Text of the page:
Yesterday was my 36th birthday! I had a great day! My mother and her new husband, Bruce, took me and my husband out to eat at Perkins where I had some delicious spiced pear and cranberry waffles, then we went back to my house and visited for a while. Those of you who follow my blog regularly probably know I have a rocky relationship with my mother at times, but yesterday was actually really nice.
My mom also gave me some gifts, including cash and all this stuff:
The llama dances to the tune of “Pocket Full of Sunshine” and is so adorable!!!
After my mom and Bruce left, my husband gave me his gifts for me:
The t-shirt is awesome since I adore black cats and that lyric is from one of my all-time favorite songs (by Simon & Garfunkel). The black skeleton candle and Hello Kitty card are big favorites too!
A good friend of mine also sent me a little care package which was extremely sweet:
I’m looking forward to reading that book since the movie looks pretty cool too. And you can never go wrong with ponies and cats!
Overall, I had a great day! Thank you to everyone who helped make it special!
Yesterday I had rather a bit of a breakthrough moment. Now, to most people with healthy backgrounds and relationships, this will likely be a bit of a “duh” moment, but to people like me who were groomed to be codependent caretakers, it is an immensely important realization.
My “eureka moment” can be summed up in one sentence:
I don’t owe anyone ANYTHING, and no one owes me ANYTHING.
Of course, this does not mean that I can’t give to others out of the goodness of my heart, or that they can do the same, but none of us should feel required to do so. I would say the one exception to this rule would probably be children. If you bring children into this world, you do owe them something – and that is to do your best at providing them a safe, stable, and loving childhood. I guess pets fit that category as well. If you sign up to take care of something that can’t care for itself, you are essentially accepting that responsibility.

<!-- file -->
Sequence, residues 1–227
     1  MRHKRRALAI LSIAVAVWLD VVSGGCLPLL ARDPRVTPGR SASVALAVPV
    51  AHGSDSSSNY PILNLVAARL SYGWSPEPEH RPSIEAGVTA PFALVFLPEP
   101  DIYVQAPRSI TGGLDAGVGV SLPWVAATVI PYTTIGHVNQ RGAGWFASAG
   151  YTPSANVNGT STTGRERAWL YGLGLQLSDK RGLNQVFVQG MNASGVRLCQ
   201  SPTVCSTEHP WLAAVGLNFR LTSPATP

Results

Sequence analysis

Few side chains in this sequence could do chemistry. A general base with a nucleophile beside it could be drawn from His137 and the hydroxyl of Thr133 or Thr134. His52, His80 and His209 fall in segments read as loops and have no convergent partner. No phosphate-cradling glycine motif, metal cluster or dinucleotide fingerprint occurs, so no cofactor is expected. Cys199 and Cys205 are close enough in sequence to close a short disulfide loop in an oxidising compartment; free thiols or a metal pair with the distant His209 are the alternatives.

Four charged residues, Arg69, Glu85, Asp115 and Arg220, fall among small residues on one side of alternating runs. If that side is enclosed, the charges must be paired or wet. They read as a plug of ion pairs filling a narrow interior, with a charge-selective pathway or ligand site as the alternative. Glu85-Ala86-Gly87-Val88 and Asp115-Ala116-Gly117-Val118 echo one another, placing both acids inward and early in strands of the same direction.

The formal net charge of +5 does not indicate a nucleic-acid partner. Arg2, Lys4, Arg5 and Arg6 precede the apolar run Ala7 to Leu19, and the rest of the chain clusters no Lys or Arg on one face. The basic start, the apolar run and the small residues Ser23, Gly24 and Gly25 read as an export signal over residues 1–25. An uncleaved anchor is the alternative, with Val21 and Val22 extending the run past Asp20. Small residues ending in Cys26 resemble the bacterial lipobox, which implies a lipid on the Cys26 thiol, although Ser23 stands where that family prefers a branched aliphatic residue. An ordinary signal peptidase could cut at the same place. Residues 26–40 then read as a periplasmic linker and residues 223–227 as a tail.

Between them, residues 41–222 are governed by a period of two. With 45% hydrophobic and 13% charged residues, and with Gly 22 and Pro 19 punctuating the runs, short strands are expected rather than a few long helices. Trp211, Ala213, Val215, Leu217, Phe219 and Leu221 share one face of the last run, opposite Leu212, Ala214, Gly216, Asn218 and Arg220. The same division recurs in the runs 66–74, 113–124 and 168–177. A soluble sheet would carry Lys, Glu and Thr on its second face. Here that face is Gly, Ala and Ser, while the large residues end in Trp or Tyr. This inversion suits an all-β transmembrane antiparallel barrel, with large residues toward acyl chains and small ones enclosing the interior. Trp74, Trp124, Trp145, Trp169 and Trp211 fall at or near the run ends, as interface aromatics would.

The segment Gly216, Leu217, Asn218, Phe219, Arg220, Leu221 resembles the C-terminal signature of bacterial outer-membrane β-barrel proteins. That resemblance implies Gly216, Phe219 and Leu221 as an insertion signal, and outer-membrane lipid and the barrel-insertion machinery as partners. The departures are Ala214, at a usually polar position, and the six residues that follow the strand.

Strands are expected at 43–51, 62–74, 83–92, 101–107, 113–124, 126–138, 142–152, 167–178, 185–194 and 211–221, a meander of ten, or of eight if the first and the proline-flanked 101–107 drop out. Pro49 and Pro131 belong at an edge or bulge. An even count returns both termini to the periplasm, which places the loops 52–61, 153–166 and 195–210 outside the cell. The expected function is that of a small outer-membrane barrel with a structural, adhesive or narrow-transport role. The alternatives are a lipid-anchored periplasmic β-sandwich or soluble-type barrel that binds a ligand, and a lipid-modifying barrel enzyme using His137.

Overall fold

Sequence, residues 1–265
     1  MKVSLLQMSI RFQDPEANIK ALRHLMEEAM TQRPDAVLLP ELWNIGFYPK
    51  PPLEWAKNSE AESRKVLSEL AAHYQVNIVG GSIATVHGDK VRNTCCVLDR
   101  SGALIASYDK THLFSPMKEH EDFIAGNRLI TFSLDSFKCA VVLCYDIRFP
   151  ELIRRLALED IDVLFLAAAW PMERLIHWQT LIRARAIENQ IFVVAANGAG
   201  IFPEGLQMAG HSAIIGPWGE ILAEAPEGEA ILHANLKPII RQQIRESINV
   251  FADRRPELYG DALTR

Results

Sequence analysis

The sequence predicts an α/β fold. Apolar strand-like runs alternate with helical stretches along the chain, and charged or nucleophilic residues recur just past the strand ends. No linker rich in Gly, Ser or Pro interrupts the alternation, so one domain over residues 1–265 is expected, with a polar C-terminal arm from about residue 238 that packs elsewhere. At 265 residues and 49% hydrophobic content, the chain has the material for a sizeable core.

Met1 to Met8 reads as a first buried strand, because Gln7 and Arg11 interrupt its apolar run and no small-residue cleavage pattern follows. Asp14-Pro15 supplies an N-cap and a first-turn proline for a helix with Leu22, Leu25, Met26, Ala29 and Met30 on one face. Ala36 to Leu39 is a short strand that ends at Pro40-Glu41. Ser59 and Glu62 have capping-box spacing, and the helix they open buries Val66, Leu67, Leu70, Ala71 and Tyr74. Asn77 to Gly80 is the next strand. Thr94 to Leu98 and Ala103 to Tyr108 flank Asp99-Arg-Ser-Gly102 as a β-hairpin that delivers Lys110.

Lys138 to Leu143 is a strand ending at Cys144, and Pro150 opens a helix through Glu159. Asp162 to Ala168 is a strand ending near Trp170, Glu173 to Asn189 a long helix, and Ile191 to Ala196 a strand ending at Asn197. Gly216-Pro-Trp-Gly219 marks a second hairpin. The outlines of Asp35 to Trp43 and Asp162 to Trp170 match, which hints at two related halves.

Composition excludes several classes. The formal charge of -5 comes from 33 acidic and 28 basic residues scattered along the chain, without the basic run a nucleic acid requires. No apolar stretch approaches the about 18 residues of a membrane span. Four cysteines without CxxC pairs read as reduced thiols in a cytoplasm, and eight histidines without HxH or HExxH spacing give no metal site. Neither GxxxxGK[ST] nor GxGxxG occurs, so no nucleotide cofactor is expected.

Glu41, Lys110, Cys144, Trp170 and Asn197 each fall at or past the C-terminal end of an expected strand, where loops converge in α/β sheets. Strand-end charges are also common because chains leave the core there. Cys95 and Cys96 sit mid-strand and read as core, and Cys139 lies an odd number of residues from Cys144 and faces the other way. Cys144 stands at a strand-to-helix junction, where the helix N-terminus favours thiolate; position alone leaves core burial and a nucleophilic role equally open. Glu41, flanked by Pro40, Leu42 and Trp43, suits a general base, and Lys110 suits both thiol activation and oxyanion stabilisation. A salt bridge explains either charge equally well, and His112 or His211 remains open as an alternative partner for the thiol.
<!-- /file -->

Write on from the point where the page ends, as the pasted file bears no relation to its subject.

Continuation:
Outside of that, I’m not sure if any of us should feel like we have to fully take care of others emotionally, mentally, physically, or materially. We all have a responsibility to do our best to meet our own needs, and while that may mean reaching out for help now and then, we have to realize that sometimes we may be turned down and that is ok. If so, we just need to keep looking I suppose.
As someone with disabilities though, I do want to say that I do feel it is vitally important to have public programs and assistance available (whether these be government or charity systems) for those of us who sometimes struggle more than others at being “functioning adults”. To me, it is just a simple matter of society welfare and empathy that should strive to help anyone who falls through the cracks.
Last night I was thinking about my history of abuse and how I grew up seeing so much of it. As far as physical abuse goes, I did endure some growing up, but it was much more common for me to see someone else physically abused in my family. There was a “scapegoat” in our family who seemed to be the target of much of the worst of the abuse.
Thinking back, I remember how when this abuse would happen, I would scuttle into the corner or hide in a nearby alcove, but I never tried to actually leave the room. Common sense would seem to dictate that when violence is happening, you would want to get as far away from it as you can, but I didn’t even try.
I questioned myself last night why this was so. I came up with several possibilities. First, perhaps I was afraid to leave the room because I thought it would draw further attention to me. My main goal when violence would erupt was to try to become invisible. Sometimes the rage would boil over and the physical and verbal abuse would extend to me if I happened to get caught in the crossfire, so I naturally tried to fade into the shadows. Sometimes, early on, I would try to distract and please the abuser in hopes of calming them down, but that never really worked.
Another reason I think I stayed to watch was because deep down I feared for the safety of the scapegoat and I wanted to make sure they didn’t die. There may have been some morbid curiosity tossed in there too, the way that human nature makes us crane our necks to see what happened when driving by a car crash.